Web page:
Alongside mood and anxiety, fatigue is one of the most interconnected and multi-faceted menopausal symptoms; it impacts physical, emotional, and cognitive health.
Listing all the possible causes for something as complex as fatigue would be impossible, which is our way of saying that what you’re about to read is in NO way a comprehensive list. However, if we had to drill down to the most prevalent causes, it’d be hormone fluctuations, emotional and physical health conditions, and vitamin and nutrient deficiencies.
Hormones don’t act in a silo. They’re constantly interacting with each other to produce certain effects. During menopause, hormonal imbalances can have a direct and indirect effect on energy levels.
Estrogen and progesterone
As these hormones start to fluctuate during perimenopause, many women experience symptoms like stress, anxiety and sleep disruption. And the downstream effect of those: you guessed it, fatigue. Many women can experience worsened fatigue right before their periods, especially if they suffered from it before, when the levels of these hormones are lowest. It can really feel like a roller coaster, with high I-can-do-anything energy one week and a major crash the next.
As cortisol (our stress hormone) rises because we’re aging, sleep can be impacted. And voila, you’re left with the perfect storm. Increasing cortisol leads to poor sleep, which leads to fatigue, which causes stress, which leads to more cortisol…it’s a vicious cycle.
Testosterone, another one of the sex hormones in women, also tends to decrease across the menopausal transition, albeit more slowly. (Interesting fact: it actually starts to declines in our late 20s). Low testosterone is linked to decreased libido and muscle mass. Although some advocate testosterone supplementation for fatigue, unfortunately there is not sufficient evidence of direct improvement in energy with testosterone treatment in women. For now at least, testosterone treatment is typically limited to helping with low libido/desire.
Although not directly related to menopause, the thyroid hormone plays a key role in metabolism. If your body isn’t producing enough — aka hypothyroidism — you can experience fatigue, weight gain, dry skin, and thinning hair (sound familiar?). Risk of hypothyroidism increases from 3% in your 40s to 10% by the time you turn 65. If you’re experiencing significant fatigue, talk to your doctor about having your thyroid levels checked. It’s a simple blood test.
Certain emotional conditions can have a marked effect on our energy levels. For more information, refer to our comprehensive guides covering anxiety, depression, and mood changes. And fatigue and emotional health are bidirectional, meaning that depression/anxiety can result in feeling fatigued, while feeling tired all of the time contributes to negative emotions.
Hormones aside, there are certain vitamin deficiencies that can cause increased fatigue during menopause, including iron (a lack of which causes anemia), B vitamins (especially B12), and vitamin D (the sunshine vitamin).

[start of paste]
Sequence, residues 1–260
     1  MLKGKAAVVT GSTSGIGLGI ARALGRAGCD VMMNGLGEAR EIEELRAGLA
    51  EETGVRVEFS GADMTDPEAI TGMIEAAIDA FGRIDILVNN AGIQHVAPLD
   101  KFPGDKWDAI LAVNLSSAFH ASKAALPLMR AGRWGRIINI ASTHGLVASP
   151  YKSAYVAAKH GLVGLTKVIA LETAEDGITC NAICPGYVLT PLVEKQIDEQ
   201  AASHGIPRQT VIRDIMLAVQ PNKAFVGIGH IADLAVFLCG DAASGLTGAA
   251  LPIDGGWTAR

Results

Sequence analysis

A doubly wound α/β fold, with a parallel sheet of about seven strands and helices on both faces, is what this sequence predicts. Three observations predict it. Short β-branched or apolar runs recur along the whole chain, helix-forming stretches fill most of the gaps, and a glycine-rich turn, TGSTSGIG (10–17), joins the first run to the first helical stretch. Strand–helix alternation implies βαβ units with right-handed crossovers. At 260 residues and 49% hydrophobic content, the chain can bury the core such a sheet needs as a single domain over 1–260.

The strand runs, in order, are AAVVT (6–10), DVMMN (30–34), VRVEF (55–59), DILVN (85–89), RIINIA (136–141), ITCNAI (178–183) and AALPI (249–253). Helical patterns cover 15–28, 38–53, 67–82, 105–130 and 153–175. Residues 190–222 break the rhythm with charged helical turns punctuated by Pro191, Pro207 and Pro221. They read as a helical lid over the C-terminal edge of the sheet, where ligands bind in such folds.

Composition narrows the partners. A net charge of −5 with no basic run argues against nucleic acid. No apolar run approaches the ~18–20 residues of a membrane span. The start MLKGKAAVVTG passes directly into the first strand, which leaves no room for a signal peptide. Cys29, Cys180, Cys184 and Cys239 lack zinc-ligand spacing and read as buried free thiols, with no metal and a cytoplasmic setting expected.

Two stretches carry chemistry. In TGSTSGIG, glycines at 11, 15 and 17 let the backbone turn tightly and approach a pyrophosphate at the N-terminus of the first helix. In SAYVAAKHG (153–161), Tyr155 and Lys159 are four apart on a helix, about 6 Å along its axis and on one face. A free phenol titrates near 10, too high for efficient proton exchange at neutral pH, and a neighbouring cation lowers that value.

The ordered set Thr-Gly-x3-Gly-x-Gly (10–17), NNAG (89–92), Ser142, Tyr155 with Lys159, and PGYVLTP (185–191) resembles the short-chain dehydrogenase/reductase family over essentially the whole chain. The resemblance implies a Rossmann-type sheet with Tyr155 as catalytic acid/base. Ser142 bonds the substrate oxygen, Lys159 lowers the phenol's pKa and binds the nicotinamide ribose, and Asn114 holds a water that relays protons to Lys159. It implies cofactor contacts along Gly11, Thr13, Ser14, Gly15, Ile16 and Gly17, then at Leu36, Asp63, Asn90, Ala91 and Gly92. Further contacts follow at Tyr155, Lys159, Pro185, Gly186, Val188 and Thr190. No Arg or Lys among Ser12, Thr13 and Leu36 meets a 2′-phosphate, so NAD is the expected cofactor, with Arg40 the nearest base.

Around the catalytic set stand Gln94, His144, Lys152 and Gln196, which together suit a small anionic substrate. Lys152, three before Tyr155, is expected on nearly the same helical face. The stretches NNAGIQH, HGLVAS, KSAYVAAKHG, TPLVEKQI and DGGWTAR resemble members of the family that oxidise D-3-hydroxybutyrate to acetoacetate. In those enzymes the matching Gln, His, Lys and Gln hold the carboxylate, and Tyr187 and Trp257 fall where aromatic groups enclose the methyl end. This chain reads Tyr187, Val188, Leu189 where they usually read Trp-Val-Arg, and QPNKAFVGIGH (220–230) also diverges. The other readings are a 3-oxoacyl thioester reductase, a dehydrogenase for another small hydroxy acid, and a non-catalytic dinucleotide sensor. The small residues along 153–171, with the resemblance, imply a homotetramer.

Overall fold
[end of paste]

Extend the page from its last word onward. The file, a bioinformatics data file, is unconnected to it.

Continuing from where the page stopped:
Even if you aren’t suffering from a specific medical condition, it may be worth consulting your healthcare provider (or Elektra!) if you identify with one or several of the following:
- You experience daytime fatigue that interferes with work/home responsibilities.
- You worry about falling asleep while driving or doing inactive things (e.g., watching television or attending a meeting).
- You feel the need to nap most days.
Physical health conditions
The following physical health conditions may zap your energy in a very real way during menopause:
Although there are several different causes, anemia results in a lack of sufficient healthy red blood cells to carry oxygen to your body’s tissues.
Chronic obstructive sleep apnea is marked by abnormal breathing, specifically extended pauses in breath during sleep due to an upper airway obstruction. Central sleep apnea, on the other hand, occurs when our brain simply doesn’t send the correct signals to the muscles in charge of breathing. We may not know we have it — oftentimes, the only symptom is feeling tired even though we may be sleeping through the night.
There are a number of infectious and post-infectious causes of fatigue that may be worth exploring if nothing more routine pops up. The list is long and can include Epstein-Barr virus (the cause of mononucleosis), the flu, Lyme, or even recent Covid infection. If you are experiencing severe, debilitating fatigue with no clear explanation, talk to your doctor. It may be worth it to rule those out.
Medication side effects, renal disease (aka kidney disease), liver disease, and cardiac disease may impact energy levels as well.
The list above is by no means exhaustive, there are many other causes of fatigue. To know if your fatigue symptoms warrant a visit to your healthcare provider, ask yourself the following questions:
- Are you sleeping 7-9 hours per night and STILL feeling tired?
- Is your tiredness affecting your quality of life/work performance?
- Do you worry about falling asleep while driving or doing inactive things (e.g., watching television or attending a meeting)?
Dr. Anna Barbieri, MD
Pro tip #1
Somehow, at some point, a baseline level of fatigue became “normal” — expected even. And while we may have learned how to deal with it, that doesn’t make it okay. But when you do commit to addressing fatigue, remember that it may take a bit of digging (and patience!) to get to the underlying cause.